Sunday, 7 July 2013

Theatre review: Love's Labour's Lost (Grassroots Shakespeare London / Old Red Lion)

Apparently not wanting to give themselves an easy ride in any way, the second play Grassroots Shakespeare London have chosen for their Old Red Lion repertory is the early comedy Love's Labour's Lost. It's easy to forget how much of a mess, plot-wise, some of the world's best-loved plays can be, but though there's fun to be had here, the production doesn't do anything to disguise the play's problems. Ferdinand, King of Navarre (Lucas Livesey) decides he wants to dedicate himself to study, and convinces his three best friends and his court to join him in a three-year vow to abstain from all other pursuits - especially romantic ones. No sooner is the ink dry on the contract though than the Princess of France (Andrew Gruen) arrives with her own entourage of three women, so each of the four men has someone to severely test his vow of celibacy.

As with Romeo and Juliet, the play has been rehearsed without a director, and if anything the absence is more keenly felt here, as individual moments and performances are done well enough, but the script's awkwardness is all too apparent, the plots and subplots not coming anywhere near cohering together.


Perhaps the production's biggest flaw is in fluffing "the letter scene," the play's one big comic setpiece when the men discover that their friends are all equally smitten, and which is played pretty straight with little exploration of how far the comic possibilities could go. They have a bit more fun with the sillier "Muscovite" scene. There's a decent Berowne and Rosaline in Alec Parkinson and Alex Bedward, although the latter is not as good when doubling as Dull, which basically comes down to a lot of mugging. And unfortunately James Swanton once again injects his character, this time Holofernes, with enough ham to make the production neither kosher nor halal.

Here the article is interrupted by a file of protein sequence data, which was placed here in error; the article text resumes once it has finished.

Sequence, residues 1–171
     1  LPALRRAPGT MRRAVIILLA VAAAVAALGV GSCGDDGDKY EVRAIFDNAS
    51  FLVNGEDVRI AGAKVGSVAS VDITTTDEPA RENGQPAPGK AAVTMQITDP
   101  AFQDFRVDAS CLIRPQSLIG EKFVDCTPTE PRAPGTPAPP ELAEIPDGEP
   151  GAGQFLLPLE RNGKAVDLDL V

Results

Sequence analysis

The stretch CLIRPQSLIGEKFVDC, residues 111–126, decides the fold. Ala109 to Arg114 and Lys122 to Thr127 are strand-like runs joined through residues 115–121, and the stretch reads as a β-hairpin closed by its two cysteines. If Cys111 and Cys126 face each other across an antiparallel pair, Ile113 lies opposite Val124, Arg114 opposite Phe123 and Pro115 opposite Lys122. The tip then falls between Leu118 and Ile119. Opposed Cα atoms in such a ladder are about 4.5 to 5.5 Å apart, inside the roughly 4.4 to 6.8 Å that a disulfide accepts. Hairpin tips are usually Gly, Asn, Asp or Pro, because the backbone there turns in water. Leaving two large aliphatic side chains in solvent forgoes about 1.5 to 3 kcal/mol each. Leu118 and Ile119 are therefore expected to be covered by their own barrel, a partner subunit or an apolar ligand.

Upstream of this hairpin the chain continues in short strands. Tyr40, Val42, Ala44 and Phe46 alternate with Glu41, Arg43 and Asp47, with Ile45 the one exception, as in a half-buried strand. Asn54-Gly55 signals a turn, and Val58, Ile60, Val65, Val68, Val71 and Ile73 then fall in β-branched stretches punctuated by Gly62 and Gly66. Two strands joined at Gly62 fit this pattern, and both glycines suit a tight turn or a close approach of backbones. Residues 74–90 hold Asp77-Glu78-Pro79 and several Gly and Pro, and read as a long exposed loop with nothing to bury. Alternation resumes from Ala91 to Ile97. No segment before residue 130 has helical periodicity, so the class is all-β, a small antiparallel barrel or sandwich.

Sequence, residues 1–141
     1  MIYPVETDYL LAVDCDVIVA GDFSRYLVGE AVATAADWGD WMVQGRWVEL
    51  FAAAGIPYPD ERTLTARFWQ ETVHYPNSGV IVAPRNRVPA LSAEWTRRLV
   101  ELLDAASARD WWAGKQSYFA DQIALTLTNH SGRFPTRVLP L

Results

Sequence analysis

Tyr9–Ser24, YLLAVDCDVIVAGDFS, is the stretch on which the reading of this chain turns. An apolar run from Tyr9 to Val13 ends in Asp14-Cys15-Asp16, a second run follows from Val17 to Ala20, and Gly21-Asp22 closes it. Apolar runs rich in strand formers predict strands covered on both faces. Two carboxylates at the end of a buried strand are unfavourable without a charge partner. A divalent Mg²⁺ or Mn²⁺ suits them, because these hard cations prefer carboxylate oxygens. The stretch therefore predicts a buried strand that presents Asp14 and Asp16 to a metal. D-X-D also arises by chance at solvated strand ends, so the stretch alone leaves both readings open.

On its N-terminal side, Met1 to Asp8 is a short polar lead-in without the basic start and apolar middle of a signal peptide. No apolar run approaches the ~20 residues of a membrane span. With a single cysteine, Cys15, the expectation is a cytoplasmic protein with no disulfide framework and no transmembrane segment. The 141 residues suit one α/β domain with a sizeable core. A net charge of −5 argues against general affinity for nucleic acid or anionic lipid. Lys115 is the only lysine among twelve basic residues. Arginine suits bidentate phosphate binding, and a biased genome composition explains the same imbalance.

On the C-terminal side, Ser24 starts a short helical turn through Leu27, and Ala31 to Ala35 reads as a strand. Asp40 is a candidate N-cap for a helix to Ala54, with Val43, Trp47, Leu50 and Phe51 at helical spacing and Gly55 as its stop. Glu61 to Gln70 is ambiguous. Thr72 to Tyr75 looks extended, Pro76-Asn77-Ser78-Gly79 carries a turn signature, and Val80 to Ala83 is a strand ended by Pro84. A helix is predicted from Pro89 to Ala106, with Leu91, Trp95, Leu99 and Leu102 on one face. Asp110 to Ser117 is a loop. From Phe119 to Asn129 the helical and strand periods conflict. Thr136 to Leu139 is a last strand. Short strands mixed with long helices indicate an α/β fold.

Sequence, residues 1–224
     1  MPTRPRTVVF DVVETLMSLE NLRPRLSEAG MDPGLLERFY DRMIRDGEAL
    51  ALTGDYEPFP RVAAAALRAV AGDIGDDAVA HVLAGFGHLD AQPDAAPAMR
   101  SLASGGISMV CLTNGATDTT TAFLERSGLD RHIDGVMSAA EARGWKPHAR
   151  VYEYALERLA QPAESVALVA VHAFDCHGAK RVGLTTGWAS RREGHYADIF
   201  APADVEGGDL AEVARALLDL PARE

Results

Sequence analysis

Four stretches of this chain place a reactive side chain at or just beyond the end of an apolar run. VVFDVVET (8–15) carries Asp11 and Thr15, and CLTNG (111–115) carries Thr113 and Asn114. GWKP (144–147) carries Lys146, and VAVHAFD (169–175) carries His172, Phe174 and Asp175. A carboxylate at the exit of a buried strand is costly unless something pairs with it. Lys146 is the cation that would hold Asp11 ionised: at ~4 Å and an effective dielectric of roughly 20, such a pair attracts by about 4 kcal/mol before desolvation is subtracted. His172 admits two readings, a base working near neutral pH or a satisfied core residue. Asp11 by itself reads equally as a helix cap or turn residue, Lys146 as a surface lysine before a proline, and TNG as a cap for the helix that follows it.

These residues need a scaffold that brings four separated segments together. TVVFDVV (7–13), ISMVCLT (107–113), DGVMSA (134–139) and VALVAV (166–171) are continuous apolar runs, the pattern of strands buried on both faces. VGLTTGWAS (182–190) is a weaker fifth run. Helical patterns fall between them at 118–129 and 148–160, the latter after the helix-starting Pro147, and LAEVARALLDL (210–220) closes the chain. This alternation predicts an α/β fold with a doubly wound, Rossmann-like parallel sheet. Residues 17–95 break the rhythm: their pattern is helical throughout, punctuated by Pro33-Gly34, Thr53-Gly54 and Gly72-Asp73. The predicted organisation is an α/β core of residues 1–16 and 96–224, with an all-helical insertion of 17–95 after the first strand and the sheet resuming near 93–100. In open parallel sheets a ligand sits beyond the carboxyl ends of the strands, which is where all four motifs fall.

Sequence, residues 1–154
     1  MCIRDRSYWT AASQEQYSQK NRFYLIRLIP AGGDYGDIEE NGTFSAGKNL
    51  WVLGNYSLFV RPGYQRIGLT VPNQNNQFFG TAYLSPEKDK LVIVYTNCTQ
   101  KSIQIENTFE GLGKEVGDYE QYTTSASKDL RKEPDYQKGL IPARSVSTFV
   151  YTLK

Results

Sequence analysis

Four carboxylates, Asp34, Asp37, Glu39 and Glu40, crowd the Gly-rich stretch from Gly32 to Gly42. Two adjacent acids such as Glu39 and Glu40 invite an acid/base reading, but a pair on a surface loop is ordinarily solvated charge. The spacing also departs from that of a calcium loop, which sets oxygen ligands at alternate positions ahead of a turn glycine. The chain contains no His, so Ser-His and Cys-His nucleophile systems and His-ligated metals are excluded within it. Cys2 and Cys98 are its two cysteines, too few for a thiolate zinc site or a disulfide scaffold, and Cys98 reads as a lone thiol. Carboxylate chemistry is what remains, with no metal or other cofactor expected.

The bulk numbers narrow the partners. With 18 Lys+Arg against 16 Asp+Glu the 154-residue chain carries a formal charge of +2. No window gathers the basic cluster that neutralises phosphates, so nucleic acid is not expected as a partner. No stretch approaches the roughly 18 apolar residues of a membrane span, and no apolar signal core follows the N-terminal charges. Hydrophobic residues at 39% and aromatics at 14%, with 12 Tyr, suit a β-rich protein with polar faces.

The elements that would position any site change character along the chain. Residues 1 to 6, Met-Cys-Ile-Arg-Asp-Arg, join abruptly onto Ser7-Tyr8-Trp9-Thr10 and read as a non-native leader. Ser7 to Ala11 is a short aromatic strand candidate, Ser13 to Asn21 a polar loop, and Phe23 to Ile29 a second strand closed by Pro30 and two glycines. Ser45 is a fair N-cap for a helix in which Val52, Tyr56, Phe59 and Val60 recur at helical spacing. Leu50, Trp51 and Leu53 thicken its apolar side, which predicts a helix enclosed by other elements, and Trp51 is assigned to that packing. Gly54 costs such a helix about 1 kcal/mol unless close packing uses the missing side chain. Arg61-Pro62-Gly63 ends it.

Better is Loren O'Brien's Boyet, who gets some nice comic business with a tent when his charges are made to sleep al fresco. Boris Mitkov's cockney Costard stays just on the right side of going too big, and has a lot of fun with his character's misunderstanding of "remuneration." Speaking of which, Robert Nairne's Don Adriano is ludicrous but then... he's Don Adriano, so that's going to happen, and at least he's fun and comprehensible, unlike some attempts at the Spanish clown. And Matthew Cavendish is amusing in a more low-key way as a hangdog Moth, his appearance in a nappy as the infant Hercules funnier because of his refusal to milk it.


Ultimately, as with Romeo and Juliet, this production's problems are for the most part the play itself's problems, except the looser approach to holding the piece together here exposes them even more starkly - I enjoyed many of the scenes in their own right, but have to wonder how a newcomer to the story would have fared trying to make sense of its various strands. And although the gender-neutral casting is a nice idea, there's not nearly enough women in the cast for it to work properly; for the most part the actors play their own gender, so the few instances of cross-dressing feel gimmicky. After the recent controversies about the lack of roles for women, the company could have got some great publicity out of a 50/50 split, instead of which their equal opportunities policy has still ended up with just three women in a cast of twelve.

Love's Labour's Lost by William Shakespeare is booking in repertory until the 27th of July at the Old Red Lion Theatre.

Running time: 2 hours including interval.

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